An Imaginative Race

Justin McCarthy
Chapter I | Start of Chapter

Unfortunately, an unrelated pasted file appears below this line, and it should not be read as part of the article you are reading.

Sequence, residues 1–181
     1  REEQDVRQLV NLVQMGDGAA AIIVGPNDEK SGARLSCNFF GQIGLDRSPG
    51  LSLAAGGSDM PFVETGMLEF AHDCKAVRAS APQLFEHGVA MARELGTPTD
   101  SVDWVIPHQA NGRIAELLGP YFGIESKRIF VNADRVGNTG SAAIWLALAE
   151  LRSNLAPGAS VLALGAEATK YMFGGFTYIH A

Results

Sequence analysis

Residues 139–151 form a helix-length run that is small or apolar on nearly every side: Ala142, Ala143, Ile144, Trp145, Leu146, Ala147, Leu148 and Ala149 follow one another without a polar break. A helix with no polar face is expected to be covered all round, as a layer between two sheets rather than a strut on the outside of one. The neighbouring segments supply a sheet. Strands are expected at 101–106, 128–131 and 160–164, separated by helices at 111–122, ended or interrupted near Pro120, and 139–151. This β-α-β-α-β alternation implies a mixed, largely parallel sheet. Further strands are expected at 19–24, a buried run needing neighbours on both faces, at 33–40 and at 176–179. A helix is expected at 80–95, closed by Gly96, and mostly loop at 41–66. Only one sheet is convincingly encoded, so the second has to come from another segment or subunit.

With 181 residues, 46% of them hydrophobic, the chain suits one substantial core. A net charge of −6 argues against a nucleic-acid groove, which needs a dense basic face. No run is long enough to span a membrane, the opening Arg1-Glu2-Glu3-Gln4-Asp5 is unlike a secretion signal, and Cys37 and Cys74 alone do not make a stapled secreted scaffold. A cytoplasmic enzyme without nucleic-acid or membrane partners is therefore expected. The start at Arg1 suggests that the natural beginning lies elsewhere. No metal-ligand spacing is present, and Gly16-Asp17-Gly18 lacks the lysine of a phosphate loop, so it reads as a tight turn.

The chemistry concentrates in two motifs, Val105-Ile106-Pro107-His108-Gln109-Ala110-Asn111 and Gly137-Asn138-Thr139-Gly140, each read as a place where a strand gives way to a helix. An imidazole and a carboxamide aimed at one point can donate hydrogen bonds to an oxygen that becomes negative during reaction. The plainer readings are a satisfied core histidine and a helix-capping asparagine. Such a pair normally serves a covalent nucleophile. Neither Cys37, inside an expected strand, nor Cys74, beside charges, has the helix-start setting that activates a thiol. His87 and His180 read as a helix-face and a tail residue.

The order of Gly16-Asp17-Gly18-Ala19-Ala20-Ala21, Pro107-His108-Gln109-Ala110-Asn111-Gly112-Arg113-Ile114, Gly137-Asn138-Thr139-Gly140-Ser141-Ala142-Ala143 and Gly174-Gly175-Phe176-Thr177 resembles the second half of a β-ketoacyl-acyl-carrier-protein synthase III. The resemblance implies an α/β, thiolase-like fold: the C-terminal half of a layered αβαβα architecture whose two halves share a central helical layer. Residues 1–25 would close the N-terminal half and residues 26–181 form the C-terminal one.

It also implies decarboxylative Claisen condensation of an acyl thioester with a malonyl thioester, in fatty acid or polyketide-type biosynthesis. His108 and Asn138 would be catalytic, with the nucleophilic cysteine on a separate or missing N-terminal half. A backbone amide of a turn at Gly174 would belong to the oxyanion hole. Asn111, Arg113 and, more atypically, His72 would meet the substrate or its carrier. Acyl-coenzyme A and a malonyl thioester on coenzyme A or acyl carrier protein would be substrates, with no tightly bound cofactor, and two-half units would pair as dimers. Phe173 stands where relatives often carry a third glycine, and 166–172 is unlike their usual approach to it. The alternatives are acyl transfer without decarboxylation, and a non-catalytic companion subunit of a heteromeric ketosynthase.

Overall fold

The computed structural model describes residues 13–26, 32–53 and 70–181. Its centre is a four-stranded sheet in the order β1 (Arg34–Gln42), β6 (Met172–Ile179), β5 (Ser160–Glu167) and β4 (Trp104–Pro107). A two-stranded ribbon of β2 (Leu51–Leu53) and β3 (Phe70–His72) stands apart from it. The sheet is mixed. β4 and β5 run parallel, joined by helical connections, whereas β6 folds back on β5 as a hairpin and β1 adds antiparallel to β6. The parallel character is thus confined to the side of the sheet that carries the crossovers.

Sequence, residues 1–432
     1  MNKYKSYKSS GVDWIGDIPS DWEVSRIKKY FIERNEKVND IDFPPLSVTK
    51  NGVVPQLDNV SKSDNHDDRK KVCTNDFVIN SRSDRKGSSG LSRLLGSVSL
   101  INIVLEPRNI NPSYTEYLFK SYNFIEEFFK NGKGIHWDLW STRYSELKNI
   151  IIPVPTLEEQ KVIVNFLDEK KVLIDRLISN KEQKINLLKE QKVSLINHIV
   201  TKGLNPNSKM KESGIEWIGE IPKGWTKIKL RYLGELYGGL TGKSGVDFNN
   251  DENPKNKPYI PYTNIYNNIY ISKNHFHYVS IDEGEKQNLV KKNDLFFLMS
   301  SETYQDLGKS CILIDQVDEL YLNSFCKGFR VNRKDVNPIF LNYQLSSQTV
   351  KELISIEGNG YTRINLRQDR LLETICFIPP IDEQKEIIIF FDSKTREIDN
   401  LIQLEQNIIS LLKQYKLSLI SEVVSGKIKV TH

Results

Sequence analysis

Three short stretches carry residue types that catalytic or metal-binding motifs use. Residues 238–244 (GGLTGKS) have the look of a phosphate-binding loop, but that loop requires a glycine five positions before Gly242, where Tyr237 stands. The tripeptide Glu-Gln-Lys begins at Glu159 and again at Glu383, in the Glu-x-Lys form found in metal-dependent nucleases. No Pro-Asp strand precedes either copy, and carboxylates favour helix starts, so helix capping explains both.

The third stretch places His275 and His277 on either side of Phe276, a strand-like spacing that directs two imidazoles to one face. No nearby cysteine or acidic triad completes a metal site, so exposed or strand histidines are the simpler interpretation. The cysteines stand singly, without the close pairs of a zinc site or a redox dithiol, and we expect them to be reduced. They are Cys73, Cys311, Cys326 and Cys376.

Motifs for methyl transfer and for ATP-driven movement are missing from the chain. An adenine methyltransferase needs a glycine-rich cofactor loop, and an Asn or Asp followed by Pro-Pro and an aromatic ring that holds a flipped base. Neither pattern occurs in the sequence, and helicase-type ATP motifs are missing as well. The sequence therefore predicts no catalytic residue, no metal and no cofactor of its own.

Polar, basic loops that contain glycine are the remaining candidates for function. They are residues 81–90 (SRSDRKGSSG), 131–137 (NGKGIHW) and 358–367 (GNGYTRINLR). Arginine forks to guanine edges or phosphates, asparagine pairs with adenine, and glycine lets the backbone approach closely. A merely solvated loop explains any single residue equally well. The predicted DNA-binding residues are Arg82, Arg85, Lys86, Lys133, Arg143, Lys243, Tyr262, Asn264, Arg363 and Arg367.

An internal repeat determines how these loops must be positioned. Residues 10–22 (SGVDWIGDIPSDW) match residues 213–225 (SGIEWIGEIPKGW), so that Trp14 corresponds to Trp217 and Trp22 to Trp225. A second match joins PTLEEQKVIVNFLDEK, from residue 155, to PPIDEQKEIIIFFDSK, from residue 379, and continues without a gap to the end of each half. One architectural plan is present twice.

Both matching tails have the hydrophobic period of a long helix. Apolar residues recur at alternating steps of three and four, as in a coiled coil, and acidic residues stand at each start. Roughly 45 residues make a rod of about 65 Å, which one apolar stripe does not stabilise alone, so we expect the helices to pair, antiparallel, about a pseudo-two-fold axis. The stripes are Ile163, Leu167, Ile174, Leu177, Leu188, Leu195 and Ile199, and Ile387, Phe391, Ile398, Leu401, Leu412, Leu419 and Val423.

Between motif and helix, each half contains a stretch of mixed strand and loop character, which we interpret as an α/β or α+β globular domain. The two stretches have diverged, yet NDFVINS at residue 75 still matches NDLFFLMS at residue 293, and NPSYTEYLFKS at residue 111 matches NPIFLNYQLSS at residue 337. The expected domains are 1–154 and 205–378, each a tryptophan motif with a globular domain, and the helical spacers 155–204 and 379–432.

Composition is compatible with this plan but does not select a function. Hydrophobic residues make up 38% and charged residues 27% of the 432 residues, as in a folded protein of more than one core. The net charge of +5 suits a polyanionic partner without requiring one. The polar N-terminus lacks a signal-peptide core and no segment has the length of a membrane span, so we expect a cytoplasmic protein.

The general effect of all this is of importance when we are following out the history of the Irish race during the periods which come strictly within the domain of authentic record. They bear testimony to the growth of a people essentially imaginative and endowed with qualities not common to the ordinary ways of peoples grown up to civilization. Lord Beaconsfield once, in a famous speech, ascribed most of the troubles of Ireland to the fact that the island is surrounded by a melancholy ocean. Like many of Beaconsfield's sayings, which at first seemed to be merely fantastic, this had in it something of appropriateness. But Beaconsfield might have added that the legends and stories, the poetry and music of early Ireland, played an important part, along with the melancholy ocean, in forming the character which has always belonged to the Celtic inhabitants of Ireland. They help us to understand the story of Ireland. Wherever the Irishman, if he be a genuine Celt, wanders or settles, he never wholly loses his characteristics, and in Lancashire, in Illinois, in France, in South Africa, or in Australasia, he remains an Irishman still, and never quite assimilates himself to the habits of the people with whom he has had to cast in his lot.